Many forensic scientists choose to acquire certification in their chosen specialty in addition to legal certification to increase their career options. Certifications in areas like forensic toxicology, criminalistics, and document examination are accredited by the Forensic Specialties Accreditation Board (FSAB).
Steps To Becoming A Forensic Scientist
The road to a successful career in forensic science is varied. Here is one route you could use to enter this area of rapid expansion:
Step 1: Complete High School
Aspiring forensic scientists are urged to complete high school, ideally with good grades in subjects like biology, chemistry, physiology, statistics, and mathematics to position themselves for success. Additionally, some students decide to volunteer or intern in pertinent organizations like police, fire, hospitals, medical labs, or other institutions.
For instance, the National Student Leadership Conference (NSLC) offers secondary students a week-long summer internship in forensic science that includes practical instruction through forensic simulations, supervised laboratory work, and lectures from experts. Interested students are urged to get in touch with regional and international institutions to learn more about the opportunities available.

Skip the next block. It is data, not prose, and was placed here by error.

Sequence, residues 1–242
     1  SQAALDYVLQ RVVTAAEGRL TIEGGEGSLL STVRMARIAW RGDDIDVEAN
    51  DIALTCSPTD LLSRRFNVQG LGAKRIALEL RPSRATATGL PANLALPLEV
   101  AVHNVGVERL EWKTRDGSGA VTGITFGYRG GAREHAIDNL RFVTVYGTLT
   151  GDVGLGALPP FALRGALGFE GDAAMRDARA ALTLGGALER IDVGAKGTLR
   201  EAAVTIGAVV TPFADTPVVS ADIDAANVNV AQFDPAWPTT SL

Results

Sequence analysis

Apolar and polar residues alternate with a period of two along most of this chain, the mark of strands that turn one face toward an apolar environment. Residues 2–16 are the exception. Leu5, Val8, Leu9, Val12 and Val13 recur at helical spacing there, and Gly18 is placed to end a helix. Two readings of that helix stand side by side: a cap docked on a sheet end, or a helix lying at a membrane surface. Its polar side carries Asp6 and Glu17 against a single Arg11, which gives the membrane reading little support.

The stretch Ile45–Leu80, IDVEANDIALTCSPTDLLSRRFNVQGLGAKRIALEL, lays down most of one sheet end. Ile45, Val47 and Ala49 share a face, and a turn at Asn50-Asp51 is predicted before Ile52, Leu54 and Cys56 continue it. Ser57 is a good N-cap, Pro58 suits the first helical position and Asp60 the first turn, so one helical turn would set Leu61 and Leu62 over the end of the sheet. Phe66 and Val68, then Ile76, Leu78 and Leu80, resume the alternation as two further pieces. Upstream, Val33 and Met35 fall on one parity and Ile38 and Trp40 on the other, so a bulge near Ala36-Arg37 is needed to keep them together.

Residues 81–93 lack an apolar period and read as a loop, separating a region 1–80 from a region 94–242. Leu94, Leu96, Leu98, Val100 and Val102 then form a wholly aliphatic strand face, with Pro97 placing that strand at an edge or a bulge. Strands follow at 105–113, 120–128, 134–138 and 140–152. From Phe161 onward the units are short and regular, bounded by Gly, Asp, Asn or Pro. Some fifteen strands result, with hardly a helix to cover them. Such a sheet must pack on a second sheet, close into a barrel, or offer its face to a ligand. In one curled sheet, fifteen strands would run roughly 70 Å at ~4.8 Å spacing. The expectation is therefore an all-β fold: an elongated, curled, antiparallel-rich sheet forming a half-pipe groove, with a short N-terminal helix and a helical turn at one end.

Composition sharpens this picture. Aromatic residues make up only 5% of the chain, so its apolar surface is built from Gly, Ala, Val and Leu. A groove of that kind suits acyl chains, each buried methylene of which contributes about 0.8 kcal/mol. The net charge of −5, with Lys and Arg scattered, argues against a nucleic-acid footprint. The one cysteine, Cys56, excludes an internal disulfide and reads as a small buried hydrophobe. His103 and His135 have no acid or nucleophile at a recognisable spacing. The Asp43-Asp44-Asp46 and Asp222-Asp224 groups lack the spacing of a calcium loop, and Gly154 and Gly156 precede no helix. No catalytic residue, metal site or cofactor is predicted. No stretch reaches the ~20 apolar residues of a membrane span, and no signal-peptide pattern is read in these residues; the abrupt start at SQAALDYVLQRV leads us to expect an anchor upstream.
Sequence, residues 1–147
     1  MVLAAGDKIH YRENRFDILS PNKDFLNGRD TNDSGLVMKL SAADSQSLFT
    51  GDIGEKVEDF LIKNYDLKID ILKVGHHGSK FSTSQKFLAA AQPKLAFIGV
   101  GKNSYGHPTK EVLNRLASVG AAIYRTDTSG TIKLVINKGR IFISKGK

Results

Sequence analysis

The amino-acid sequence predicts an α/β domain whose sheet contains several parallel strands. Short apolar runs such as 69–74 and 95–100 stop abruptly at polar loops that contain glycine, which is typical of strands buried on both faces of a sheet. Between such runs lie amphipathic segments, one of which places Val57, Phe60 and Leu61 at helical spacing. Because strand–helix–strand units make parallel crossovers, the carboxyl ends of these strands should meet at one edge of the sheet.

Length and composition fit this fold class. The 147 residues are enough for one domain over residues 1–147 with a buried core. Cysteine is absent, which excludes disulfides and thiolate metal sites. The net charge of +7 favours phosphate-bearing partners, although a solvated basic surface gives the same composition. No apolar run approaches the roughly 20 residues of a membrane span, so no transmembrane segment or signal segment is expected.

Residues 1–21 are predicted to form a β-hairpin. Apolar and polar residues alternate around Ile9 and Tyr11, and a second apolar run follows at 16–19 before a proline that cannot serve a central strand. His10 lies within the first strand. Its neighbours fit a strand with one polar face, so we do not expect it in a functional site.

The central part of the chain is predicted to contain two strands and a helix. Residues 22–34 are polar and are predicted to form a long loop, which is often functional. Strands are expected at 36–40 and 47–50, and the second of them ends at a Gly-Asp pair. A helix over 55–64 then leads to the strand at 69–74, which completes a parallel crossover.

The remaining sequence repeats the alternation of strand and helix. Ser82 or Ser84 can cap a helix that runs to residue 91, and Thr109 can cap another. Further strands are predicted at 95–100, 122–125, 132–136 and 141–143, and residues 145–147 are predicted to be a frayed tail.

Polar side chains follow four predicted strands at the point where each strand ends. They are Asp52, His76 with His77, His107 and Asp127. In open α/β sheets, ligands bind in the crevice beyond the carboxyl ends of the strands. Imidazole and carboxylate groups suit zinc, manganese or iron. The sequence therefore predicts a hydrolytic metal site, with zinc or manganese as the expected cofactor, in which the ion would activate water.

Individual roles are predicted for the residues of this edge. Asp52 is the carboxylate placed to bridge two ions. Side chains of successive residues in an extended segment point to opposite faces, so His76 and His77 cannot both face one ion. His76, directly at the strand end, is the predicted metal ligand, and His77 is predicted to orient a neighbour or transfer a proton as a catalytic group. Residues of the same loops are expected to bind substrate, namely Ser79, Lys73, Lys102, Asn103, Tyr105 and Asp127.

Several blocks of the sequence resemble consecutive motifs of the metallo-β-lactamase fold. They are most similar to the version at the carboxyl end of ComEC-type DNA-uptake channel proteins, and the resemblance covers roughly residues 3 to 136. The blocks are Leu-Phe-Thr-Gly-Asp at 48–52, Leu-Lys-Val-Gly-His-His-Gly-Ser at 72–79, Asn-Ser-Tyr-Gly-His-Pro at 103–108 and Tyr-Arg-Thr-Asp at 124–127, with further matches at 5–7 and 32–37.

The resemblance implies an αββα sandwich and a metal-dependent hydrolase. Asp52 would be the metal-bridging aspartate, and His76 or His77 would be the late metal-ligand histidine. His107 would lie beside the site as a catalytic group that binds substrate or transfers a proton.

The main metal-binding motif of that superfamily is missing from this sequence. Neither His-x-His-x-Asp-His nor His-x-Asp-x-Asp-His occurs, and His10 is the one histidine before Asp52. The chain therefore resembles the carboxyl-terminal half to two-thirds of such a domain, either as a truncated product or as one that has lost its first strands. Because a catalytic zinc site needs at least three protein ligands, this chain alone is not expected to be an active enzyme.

Step 2: Enroll in an associate’s program in forensic science (two years)
There are various associate degree programs available for aspiring entry-level forensic science technicians.
Two-year programs in this profession often require a high school diploma, a competitive GPA, a personal statement, and TOEFL test results for admission (for non-native speakers of English). These programs might offer lessons in criminal law, fire & arson investigation, and the physical sciences in addition to general education.
A crime scene technology associate’s degree from Miami Dade College (MDC) prepares students for work in the criminalistics industry with a focus on forensic science or crime scene investigation. Students who get an associate’s degree in forensic science are prepared for careers as forensic identification specialists.
The curriculum, which consists of 60 credits, offers classes in criminal justice, forensic science, crime scene technology, basic fingerprinting, biotechnology methods and applications, general chemistry, and qualitative analysis.
Graduates will be qualified for entry-level careers in forensic sciences, medical investigation, crime scene investigation, insurance investigation, and laboratory technology in local, state, and federal agencies.
Step 3: (Optional) Enroll in a bachelor’s degree program (four years)
But it might be wise for aspiring forensic scientists to finish a bachelor’s degree program in biology, chemistry, biochemistry, forensics, or a similar subject. A four-year degree can improve earning potential and employment chances while also opening possibilities to professions in adjacent sectors, notably in the laboratory.
The completion of specific coursework, such as high school level chemistry, biology, and mathematics, as well as a competitive GPA, national test results (SAT or ACT), a personal statement, recommendation letters, and TOEFL test results are common requirements for applications to scientific bachelor’s programs (again, for non-native speakers of English).